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Republicans claim Democrats want to defund the police. Biden’s plan calls for more police.

Fact-check: Speakers at the RNC insisted Democrats want to defund the police. They don’t. 

Standing behind a podium and in front of a long row of American flags, Kimberly Guilfoyle pre-records her address to the Republican National Convention at the Mellon Auditorium on August 24, 2020 in Washington, DC.
Kimberly Guilfoyle prerecords her address to the Republican National Convention at the Mellon Auditorium on August 24, 2020, in Washington, DC.
Chip Somodevilla/Getty Images

Black Lives Matter activists would be much happier if they lived in the world that Republicans described on the first night of the Republican National Convention — a world where Democrats yearn to defund the police.

From beginning to end, the Republican speakers at last night’s convention painted a vivid picture of a Democratic Party policy vision that doesn’t exist, claiming Democratic presidential nominee Joe Biden is leading his party in demanding police budgets be drained like a cold bathtub.

Here’s how they described it:

Louisiana Rep. Steve Scalise said, “Joe Biden has supported the left’s defunding of the police. There won’t be any children and grandchildren without those law enforcement and first responders.”

Ohio Rep. Jim Jordan added, “Democrats refuse to denounce the mob, and the response to the chaos — defund the police, defund border patrol, and defund our military.”

And Kimberly Guilfoyle, chair of the Trump Victory finance committee, said: “They will defund, dismantle, and destroy America’s law enforcement.”

Similar rhetoric can be found in other speeches from the night, including those of RNC Chair Ronna McDaniel and businessman Maximo Alvarez. But these claims could not be further from the truth. While some progressive Democrats have supported calls to defund the police, they are in the minority — and Democratic leaders absolutely do not want to defund the police. Many don’t even like the rhetoric or the phrase.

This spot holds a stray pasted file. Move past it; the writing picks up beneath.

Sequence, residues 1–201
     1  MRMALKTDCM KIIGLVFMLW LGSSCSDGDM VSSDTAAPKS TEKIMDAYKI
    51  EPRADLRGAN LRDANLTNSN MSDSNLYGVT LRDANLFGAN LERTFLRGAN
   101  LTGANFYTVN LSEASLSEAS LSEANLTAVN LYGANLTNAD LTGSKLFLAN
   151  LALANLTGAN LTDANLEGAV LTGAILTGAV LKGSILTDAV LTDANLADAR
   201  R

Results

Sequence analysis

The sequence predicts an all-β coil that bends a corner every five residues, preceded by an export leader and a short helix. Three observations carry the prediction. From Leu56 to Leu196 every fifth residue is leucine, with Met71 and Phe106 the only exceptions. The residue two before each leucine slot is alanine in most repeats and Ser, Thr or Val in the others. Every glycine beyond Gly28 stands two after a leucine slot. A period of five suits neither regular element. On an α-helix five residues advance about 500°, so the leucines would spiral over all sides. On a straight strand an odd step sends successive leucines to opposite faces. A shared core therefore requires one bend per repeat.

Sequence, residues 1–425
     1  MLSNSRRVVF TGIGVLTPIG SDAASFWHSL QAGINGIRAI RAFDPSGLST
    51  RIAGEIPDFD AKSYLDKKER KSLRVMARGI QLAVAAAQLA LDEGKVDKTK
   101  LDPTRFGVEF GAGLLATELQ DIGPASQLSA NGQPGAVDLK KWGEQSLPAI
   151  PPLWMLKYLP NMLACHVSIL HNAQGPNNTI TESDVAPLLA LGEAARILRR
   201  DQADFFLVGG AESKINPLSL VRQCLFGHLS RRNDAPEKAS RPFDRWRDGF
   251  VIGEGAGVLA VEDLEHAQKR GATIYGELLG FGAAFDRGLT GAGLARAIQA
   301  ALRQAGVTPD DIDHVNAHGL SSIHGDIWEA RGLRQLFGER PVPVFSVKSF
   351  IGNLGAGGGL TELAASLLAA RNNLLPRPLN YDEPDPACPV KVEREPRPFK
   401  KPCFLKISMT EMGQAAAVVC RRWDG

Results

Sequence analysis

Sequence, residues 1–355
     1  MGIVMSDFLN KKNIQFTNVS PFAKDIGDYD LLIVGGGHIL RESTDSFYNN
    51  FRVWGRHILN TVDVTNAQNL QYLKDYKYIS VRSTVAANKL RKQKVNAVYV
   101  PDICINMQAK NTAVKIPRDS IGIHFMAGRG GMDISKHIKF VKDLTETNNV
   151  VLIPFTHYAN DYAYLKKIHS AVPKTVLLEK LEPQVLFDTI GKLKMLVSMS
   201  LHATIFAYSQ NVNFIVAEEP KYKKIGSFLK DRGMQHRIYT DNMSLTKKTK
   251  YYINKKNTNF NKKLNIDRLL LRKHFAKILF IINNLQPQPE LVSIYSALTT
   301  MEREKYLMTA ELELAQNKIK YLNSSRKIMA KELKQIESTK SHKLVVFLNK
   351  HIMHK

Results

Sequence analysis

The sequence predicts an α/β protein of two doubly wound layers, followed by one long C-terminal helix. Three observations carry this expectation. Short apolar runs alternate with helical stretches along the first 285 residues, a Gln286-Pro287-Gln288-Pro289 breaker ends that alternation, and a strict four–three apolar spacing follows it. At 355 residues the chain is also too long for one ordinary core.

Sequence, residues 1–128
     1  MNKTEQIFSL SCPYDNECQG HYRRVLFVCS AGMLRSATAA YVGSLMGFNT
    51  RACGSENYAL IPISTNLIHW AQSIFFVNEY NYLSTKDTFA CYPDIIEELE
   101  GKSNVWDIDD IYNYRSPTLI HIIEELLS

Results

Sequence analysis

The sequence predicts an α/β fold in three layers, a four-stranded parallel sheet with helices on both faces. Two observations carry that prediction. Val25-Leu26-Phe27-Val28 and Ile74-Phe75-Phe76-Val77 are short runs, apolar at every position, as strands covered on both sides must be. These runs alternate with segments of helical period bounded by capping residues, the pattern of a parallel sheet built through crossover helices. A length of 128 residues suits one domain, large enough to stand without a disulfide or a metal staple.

Washington, DC, Mayor Muriel Bowser has said she was “not at all” considering police defunding. Likewise, House Majority Whip James Clyburn, the highest-ranking Black member in Congress, previously told CNN that “nobody is going to defund the police.” House Speaker Nancy Pelosi, in unveiling Democrats’ police reform legislation, stressed the bill “isn’t about” defunding the police when asked about it in June.

In heavily Democratic cities like New York and Seattle, where activist city council members have pushed for budget reconsideration, they have been met with staunch opposition by the very mayors Trump and other Republicans have accused of wanting to defund the police. And, at the top of the Democratic ticket, not only has Biden opposed defunding the police, he actually advocates for adding more funding to the police.

As Vox’s Fabiola Cineas noted in explaining Biden’s criminal justice plan, “while activists call for reducing the number of police officers and policing budgets, Biden’s framework would actually increase the number of police officers in Black and brown communities. He wants a $300 million investment in the Community Oriented Policing Services (COPS) program, which he helped spearhead in the 1990s, to reinvigorate community-oriented policing.”

Moreover, earlier this summer, PolitiFact noted, “Biden himself has said several times in interviews and op-eds that he does not support defunding the police.” Biden underscored that message at the Democratic National Convention when he told a panel assembled to speak about racial justice that “most cops are good.”

Not only do Democratic leaders oppose defunding the police, but in practical budgetary terms, some Republicans actually support cutting police budgets as part of their overarching support for government austerity. As Vox’s Matthew Yglesias writes:

In early February of this year, the Trump administration proposed a 58 percent cut in the federal government’s COPS Hiring Program, a federal program that supports police department staffing. That’s not a one-off; his administration’s budget proposals have routinely called for huge cuts to this program, which was inaugurated in the 1990s as part of Bill Clinton’s pledge to hire 100,000 new police officers (Congress keeps declining to do this).

The reality of Republicans’ long-held affinity for government austerity, particularly during economic downturns, is in tension with Trump’s stance that he will never defund the police. And just like the president’s claims that the coronavirus will magically disappear, the argument that the Democratic Party is champing at the bit to defund the police is also not true.

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